So, I googled Forensic Document Services and found some very interesting information that I thought I should share, especially with some of the younger folks around here who may not have heard of the FBIs sting operation titled "Operation Bullpen."
Some of you may know that the market for baseball memorabilia didn't really become 'mainstream' (much like baseball cards) until around the mid 1980s. Most autographed memorabilia was passed around by dealers at shows, through shops and through mail order catalogs. Remember, this is before the internet made it easy to find anything you want just by doing a Google search.
A few dealers began to forge their autographs, realizing that there was a ton of money to be made. According to the FBIs website, Operation Bullpen began in the 1990s when the FBI identified a problem growing in the celebrity and sports memorabilia market. Their sting operation culminated in 1999 when several prominent California memorabilia and autograph dealers were arrested. The FBI seized tens of thousands of pieces of 'signed' memorabilia.
Some of the prominent subjects of their forgery were:
Going back to my Google search for Forensic Document Services, a link popped up about Ebay's autograph policy. They have a list of authenticators that they do not recognize as reputable, therefore, if you have an item with a COA from said company, your item is likely to be forged.
According to Ebay.com, here is a list of the authenticators that they do not allow:
- Autographed items with COAs and LOAs, or references to COAs and LOAs from the following people or organizations:
- ACE Authentic
- Coach's Corner Sports Auctions LLC
- Christopher L. Morales
- CSC Collectibles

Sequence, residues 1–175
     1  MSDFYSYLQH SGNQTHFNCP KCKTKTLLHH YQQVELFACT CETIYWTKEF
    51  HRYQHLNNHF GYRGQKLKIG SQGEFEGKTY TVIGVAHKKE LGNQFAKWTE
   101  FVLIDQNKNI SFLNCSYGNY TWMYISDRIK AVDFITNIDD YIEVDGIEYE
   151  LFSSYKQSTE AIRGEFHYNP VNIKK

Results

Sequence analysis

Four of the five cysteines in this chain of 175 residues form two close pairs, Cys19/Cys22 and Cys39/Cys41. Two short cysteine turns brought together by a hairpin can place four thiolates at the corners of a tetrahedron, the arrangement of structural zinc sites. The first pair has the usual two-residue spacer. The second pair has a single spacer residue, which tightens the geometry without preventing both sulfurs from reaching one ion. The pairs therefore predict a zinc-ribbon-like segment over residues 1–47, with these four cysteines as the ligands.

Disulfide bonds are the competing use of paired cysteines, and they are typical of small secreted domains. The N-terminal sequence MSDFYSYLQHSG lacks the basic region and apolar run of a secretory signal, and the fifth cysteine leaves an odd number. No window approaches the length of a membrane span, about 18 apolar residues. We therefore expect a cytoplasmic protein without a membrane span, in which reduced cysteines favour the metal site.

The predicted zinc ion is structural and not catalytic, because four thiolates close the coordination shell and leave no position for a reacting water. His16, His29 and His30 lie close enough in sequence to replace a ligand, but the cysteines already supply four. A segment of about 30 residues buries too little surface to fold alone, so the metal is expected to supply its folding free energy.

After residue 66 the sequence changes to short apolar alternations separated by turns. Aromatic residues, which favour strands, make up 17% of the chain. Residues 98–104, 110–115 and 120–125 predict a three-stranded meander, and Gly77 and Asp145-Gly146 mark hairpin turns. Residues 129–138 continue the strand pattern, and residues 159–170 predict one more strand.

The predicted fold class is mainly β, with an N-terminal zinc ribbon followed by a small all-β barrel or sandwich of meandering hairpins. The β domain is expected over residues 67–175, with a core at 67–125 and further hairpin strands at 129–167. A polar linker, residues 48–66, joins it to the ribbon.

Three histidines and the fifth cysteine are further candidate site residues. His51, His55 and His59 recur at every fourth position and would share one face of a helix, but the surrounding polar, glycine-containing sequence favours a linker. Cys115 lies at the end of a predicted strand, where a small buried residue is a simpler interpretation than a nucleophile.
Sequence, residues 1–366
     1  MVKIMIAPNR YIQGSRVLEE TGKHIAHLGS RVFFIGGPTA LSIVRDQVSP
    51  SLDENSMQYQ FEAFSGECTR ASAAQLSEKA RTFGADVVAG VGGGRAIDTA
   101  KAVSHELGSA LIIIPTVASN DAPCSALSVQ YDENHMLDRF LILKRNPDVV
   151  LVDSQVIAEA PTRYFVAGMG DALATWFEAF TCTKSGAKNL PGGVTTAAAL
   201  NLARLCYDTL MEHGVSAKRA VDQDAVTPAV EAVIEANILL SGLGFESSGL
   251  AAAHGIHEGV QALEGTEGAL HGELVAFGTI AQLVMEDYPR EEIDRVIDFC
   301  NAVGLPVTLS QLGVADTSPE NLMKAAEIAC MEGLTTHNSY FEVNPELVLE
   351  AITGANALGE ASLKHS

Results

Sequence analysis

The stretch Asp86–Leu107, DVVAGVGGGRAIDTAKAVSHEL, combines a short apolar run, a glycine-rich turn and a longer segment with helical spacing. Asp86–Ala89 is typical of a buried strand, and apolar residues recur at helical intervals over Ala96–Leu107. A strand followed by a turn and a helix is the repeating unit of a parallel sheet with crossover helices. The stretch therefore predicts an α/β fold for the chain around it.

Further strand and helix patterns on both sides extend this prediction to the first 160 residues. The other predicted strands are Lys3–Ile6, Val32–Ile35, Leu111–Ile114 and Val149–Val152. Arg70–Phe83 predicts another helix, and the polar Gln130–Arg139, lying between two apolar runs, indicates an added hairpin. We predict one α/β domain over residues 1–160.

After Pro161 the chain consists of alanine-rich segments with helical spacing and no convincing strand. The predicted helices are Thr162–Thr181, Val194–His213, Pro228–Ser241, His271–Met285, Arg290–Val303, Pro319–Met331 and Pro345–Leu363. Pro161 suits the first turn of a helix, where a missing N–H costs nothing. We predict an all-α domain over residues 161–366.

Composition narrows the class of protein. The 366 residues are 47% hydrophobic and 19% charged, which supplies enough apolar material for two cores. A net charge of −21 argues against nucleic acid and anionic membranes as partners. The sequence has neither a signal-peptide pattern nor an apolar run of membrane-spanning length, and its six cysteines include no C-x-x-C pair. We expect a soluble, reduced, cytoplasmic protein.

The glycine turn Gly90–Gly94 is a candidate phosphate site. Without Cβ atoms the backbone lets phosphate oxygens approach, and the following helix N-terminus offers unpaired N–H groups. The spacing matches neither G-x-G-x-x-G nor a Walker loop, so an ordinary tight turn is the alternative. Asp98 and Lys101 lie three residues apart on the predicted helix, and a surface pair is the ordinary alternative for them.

- Donald Frangipani
- Forensic Document Services
- Hollywood Dreams
- J. DiMaggio Co. / J. DiMaggio Company
- Legends Sports Memorabilia
- Nathan's Autographs / N.E. Autographs
- Nicholas Burczyk
- Pro Sports / Pro Sports Memorabilia
- Rare and Signed.com
- Robert Prouty
- R.R.'s Sports Cards & Collectibles
- SCAA / Front Page Art / Angelo Marino
- Slamdunk Sportscards & Memorabilia
- Sports Alley Memorabilia
- Sports Management Group
- Stan's Sports / Stans Sports Memorabilia
- TTA Authentic (formerly STAT Authentic)
- Universal Memorabilia
- XMI Authentications
- USA Authentics
- Blank COAs and LOAs
- COAs and LOAs as stand-alone items
- COAs and LOAs from anyone listed on the FBI's Operation Bullpen website
Some tips when buying autographs:
Something that always bothers me is when people complain about a former player or personality charging for autographs. One reason they charge is because of everything I said above. Another is that older players, for example, weren't making the tens of millions of dollars that some of today's players make, so they don't have the financial security that others may have and are supplementing their retirement with auto fees here and there.For more information on "Operation Bullpen" you can check out the FBIs website here. You can also read Ebay's autograph policy here. I hope this information has been helpful.Oh, and one more thing... I did not bid on that Maris ball.
- If it seems too good to be true, it probably is. My Hank Aaron fake ball cost $50. I should have known then that it was a fake, but I was still getting started.
- Verify the auto you are looking at with others that HAVE been verified by reputable companies. I have identified several fake baseballs by doing this.
- Always check into the COA that you are getting. Don't accept copies of COAs. Make sure it is a company you have heard of. If not, do as much research as you can before spending any money.